Hyderabad: Farida Raj, the city’s well known Remedial Teaching Expert, Educationist, Award-winning Author, Social Activist and Columnist launched her latest book “Understanding Learning Difficulties.” Published by Cambridge University Press. It is her second book.
The book is authored as part of a series of books that aims to help teachers in primary and secondary schools with their professional training and development. The series is written for teachers of English as well as those who teach other subjects through English. Written in an easy to understand style and simple language, the books in the series assume little prior knowledge of pedagogy and theories of language teaching. The topics and issues addressed in the books in this series would be relevant to teachers both in India and in other SAARC countries informed Farida Raj while interacting with the media here in the city today.
Some students are a puzzle to teachers. Approximately ten per cent of all school going children have difficulty with classroom learning said Farida Raj. These students are similar to their classmates in every respect, but for academics, she added.
We label such stunts as lazy and subject them to punishment. They get teased by their classmates and come under tremendous mental strain. They fail despite their best efforts. Each of them has different problems with learning. One of them is eight-year-old Atul left his answer sheets blank in exams because he could not read the questions. It was misfortune because he knew the answers. Arti had difficulty copying from the blackboard. Arif wrote b as d n as u and punished every day. Children such as Atul, Arti, and Arif go through a difficult time in the classroom as do their parents.
It becomes necessary for a teacher to recognize the probable cause of their failure and attempt to remedy it. The teacher needs to understand both their strengths and weaknesses to help them overcome these difficulties, says Farida Raj.
Unfortunately, in India and in our neighboring countries, teachers are forced to manage their teaching without ongoing professional assistance. They also know this. To help their students, they want to learn more and teach better, but do not have access to either in service or online courses. The book meant to support such professionals informed the author.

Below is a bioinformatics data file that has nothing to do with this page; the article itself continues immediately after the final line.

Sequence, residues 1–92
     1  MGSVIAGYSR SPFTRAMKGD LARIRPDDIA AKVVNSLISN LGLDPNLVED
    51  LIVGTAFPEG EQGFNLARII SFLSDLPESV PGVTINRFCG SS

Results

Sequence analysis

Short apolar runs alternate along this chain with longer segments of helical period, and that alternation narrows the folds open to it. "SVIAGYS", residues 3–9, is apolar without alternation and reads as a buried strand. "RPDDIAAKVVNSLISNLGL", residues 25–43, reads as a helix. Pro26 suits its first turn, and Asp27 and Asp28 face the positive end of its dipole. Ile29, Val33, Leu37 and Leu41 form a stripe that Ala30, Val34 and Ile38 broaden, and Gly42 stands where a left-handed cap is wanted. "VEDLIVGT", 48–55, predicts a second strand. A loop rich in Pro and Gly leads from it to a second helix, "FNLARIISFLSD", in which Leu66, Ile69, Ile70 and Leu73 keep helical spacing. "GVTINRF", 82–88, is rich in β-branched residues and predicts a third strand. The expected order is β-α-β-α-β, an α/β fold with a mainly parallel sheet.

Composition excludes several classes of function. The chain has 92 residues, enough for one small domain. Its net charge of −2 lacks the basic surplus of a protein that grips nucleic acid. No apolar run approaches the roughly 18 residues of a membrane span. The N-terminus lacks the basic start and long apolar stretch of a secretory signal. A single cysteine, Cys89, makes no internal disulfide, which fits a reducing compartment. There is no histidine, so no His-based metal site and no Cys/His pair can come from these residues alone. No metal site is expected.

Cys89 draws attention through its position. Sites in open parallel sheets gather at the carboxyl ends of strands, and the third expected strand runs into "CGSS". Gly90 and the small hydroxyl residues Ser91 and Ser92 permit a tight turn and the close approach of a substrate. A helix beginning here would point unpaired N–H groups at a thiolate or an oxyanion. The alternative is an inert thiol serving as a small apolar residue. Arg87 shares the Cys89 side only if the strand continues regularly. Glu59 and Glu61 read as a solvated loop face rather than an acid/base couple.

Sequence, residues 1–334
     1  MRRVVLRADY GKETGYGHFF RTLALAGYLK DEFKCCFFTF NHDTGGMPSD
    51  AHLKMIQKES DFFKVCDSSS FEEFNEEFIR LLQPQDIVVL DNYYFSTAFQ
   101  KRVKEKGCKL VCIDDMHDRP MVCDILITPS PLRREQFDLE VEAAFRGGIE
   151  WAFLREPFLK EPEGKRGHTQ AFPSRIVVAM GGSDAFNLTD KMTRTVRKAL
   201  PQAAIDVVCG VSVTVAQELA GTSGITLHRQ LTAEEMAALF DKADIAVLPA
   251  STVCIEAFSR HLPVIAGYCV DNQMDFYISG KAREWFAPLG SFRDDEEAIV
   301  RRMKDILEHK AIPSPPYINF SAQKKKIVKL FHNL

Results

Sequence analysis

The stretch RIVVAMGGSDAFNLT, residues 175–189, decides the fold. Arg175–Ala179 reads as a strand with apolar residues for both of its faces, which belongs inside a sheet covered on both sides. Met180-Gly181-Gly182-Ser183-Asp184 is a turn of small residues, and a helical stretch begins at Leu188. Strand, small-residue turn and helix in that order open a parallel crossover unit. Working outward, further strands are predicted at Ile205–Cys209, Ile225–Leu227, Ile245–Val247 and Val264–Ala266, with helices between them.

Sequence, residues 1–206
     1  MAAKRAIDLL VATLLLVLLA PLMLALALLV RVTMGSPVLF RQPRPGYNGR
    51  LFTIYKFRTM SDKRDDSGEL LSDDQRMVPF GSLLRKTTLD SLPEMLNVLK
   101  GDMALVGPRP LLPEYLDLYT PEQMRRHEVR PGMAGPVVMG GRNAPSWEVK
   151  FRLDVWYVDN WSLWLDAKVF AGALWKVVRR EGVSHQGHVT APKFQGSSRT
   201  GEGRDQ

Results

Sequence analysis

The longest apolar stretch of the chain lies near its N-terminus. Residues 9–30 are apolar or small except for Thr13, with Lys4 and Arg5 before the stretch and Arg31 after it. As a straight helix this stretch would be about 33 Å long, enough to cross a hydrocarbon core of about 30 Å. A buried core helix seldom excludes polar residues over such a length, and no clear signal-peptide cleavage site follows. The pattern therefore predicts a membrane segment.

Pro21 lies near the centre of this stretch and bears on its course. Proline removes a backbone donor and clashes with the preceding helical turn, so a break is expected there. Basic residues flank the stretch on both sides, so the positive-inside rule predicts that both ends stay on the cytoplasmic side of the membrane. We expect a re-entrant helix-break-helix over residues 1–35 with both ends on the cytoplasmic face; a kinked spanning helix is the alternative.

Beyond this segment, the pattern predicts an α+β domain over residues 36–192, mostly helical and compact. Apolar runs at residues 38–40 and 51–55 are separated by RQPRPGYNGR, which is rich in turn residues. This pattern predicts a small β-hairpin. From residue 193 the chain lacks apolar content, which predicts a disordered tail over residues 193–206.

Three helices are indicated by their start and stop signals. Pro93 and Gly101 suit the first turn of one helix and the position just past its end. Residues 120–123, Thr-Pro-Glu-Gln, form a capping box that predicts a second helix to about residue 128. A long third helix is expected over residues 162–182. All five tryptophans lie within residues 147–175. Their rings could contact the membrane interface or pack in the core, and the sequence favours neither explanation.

“Teach th child the way he/she learns,” says Farida Raj, whose latest book in Urdu “Hamari Sehat Ki Zamin” received Telangana State Urdu Academy Award recently. She won first prize and meritorious certificate along with cash prize for the book “Hamari Sehat Ki Zamin” for creating awareness on women-related health issues.
Farida Raj was born in Mumbai and is now settled in Hyderabad. She authored four books–two in English (Braking Through and Understanding Learning Difficulties) and two in Urdu(Zaviye Zindagike) a Hamari Sehat Ki Zamin. Her first book Breaking Through got translated into Hindi, Marathi, and Telugu.
Recipient of Laadli Media Award, Farida Raj has been in teaching for the past 35 years. She was into main stream teaching for few years and for the last 30years she has been into Remedial Teaching (teaching students with learning difficulties). She was associated with SCERT(State Council of Educational Research and Training). She set up her own center, Centre for Special Education which assesses students who do not do well in studies and suggests remedial teaching methods.
The Laadli Media Awards for Gender Sensitivity is the only one of its kind in the world given exclusively for promoting gender sensitivity in the media. The awards are supported by UNFPA in the past.
She is a columnist and contributed columns to The Hindu Deccan Chronicle, New Indian Express, and Siasat.
Farida Raj visits the old city, creates awareness to women on Breast and Cervical cancer. She is a member of Palliative Care Society of Hyderabad. Palliative is a kind of specialized care given to people with life-limiting illnesses such as terminally ill cancer patients etc. It focuses on providing relief from the symptoms, pain, physical stress, and mental stress of a terminal diagnosis